It’s often hard to explain the unique bond that Clemson alumni share, but if there’s one word that describes the Clemson Family, it’s commitment. Clemson graduates are dedicated to giving back and thinking ahead — a practice that benefits both future students and the future of the University.
Recent biological sciences graduate and South Carolina native, Trinh Chu, always knew she wanted to be a Tiger, but was afraid her goal would be impossible to reach. Chu’s mother, a Vietnamese immigrant, had health issues while Chu was growing up.
It was difficult to watch her parents struggle to communicate with doctors, afford treatment and navigate the cumbersome health care system, but Chu kept a spirit of optimism.
These challenges didn’t scare her — they inspired her to pursue a career in medicine.
When it was time to consider her college options, Chu applied for scholarships to help ease the burden that tuition would put on her family. Chu’s requests were received by Stephen Hutchinson, president of the Dorchester Free School Board and member of the Clemson University Foundation Board. Hutchinson was immensely impressed with the high school student’s goals and accomplishments — he knew that she would be an enormous asset to Clemson.
Thanks to Chu’s hard work in high school, she was named a Clemson Scholar and received one of Clemson’s most sought-after merit-based scholarships. And thanks to Hutchinson’s passion for giving back, Chu was offered an additional grant — the Dorchester Free School Board Scholarship — which made her education affordable.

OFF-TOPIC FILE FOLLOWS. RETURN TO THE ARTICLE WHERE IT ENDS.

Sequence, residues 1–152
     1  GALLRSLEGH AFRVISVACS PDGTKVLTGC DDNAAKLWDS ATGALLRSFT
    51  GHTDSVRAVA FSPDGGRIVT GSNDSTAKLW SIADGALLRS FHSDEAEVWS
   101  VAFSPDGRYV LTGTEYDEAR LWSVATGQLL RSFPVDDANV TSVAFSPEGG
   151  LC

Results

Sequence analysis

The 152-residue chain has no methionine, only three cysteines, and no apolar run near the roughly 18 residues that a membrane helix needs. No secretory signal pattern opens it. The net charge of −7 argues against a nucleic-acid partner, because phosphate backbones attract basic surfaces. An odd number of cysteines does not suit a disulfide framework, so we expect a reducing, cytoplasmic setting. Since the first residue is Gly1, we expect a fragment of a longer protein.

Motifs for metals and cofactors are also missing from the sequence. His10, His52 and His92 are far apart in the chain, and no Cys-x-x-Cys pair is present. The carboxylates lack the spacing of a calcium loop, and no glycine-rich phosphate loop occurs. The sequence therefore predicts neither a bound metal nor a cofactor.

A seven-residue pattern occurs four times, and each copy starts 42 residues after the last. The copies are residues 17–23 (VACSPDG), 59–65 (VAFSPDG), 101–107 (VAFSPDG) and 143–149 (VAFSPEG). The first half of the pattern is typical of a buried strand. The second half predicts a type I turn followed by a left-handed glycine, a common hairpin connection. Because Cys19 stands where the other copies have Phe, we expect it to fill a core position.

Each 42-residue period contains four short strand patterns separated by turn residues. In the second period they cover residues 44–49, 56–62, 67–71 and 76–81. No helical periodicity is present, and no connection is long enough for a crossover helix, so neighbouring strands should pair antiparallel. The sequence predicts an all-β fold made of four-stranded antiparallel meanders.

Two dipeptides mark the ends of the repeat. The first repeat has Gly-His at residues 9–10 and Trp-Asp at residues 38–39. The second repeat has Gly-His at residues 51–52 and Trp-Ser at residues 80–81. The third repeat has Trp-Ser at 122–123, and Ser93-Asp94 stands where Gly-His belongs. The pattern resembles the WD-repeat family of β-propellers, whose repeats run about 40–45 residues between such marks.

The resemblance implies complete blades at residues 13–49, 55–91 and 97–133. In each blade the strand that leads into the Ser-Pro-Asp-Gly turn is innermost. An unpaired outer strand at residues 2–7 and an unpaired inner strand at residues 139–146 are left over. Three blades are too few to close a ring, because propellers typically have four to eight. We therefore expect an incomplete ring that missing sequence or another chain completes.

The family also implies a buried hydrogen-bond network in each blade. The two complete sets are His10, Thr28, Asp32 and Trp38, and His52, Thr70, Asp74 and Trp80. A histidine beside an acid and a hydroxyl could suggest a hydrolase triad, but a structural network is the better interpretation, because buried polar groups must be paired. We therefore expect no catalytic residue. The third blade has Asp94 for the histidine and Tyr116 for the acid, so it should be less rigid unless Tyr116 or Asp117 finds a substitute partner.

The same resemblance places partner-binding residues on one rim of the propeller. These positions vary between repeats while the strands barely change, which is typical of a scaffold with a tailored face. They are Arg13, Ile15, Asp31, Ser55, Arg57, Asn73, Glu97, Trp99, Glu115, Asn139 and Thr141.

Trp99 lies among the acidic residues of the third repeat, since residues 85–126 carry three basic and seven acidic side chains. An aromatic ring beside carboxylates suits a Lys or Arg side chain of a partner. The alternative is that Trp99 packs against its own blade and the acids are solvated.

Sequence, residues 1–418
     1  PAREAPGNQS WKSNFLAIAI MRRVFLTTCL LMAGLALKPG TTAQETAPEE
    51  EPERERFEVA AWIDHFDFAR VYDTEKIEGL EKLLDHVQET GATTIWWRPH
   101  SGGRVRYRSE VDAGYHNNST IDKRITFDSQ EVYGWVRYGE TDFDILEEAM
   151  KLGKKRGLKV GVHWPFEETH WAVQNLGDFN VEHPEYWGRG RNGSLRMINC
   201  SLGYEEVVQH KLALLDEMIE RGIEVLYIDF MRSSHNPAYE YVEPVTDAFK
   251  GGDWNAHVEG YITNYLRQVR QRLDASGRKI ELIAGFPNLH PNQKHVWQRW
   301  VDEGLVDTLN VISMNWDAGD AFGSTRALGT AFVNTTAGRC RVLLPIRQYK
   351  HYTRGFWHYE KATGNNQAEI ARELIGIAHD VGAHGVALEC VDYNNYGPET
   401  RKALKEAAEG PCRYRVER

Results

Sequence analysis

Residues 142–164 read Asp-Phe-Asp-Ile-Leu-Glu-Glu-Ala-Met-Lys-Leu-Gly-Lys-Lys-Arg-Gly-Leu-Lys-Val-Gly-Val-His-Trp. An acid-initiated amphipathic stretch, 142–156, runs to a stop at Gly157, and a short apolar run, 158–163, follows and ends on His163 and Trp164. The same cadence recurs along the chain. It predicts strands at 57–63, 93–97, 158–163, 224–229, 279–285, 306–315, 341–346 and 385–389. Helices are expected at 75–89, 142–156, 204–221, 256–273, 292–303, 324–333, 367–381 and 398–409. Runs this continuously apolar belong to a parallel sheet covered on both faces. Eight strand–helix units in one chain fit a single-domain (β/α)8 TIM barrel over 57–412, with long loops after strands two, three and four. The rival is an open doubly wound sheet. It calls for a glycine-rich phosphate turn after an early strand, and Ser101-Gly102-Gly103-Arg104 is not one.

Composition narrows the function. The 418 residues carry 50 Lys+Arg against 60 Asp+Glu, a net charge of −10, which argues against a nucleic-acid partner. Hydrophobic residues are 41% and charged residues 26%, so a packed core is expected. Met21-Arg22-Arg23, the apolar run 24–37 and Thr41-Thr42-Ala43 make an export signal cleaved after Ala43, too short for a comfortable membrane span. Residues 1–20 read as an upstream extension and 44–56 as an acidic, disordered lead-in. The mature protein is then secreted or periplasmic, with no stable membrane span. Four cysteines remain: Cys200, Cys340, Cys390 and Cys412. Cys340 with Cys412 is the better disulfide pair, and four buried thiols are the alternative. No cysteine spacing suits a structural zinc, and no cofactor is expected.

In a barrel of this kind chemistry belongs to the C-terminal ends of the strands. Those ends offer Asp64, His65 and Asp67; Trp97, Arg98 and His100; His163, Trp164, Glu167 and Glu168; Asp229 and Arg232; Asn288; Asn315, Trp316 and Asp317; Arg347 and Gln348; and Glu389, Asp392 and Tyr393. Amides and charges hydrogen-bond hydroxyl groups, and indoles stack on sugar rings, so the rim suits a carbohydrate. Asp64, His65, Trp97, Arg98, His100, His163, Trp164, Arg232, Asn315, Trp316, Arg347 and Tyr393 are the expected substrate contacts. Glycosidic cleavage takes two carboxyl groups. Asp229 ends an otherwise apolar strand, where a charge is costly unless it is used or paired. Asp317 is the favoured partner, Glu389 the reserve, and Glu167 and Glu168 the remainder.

At Clemson, Chu excelled in her classes and graduated in just three years. In those three years, she was able to get involved and give back in ways that would never have been possible without the scholarships provided by generous members of her new Clemson Family. She joined the Calhoun Forensics and Debate Team and traveled around the world to compete with other university teams. She worked as a resident assistant on campus and helped younger students adjust to Clemson’s rigorous academic workload. She was a member of two honor societies and developed lasting friendships by joining many of Clemson’s athletic clubs — from martial arts to tennis to running the trails on campus.
Looking back, Chu realizes that it was the spirit of pride, shared by both students and alumni that drew her to Clemson.
“I knew I wanted to be part of the Clemson Family. And in 10, 20, 30 years, I know I will be back here reliving college memories. I will miss it extraordinarily,” she said.
Since graduating from Clemson, Chu has taken the next step toward her goal of making a difference in the medical world. As a first-year student at the Medical University of South Carolina, she has hopes to one day begin a career in neuroscience or primary care. Whichever path Chu chooses, she will undoubtedly follow her passions for helping others and giving back to the community that has given her so much.
Donations from the Clemson Family made a passionate young woman’s college dreams a reality. But they also instilled a tradition of loyalty that Chu will keep long after she leaves campus — one that she hopes to pass down to future Tigers.
“I really am thankful for all the support I have been given. I wouldn’t be here, in the position that I am, without the scholarship,” she said. “Every contribution helps — I can’t imagine not giving back myself one day.”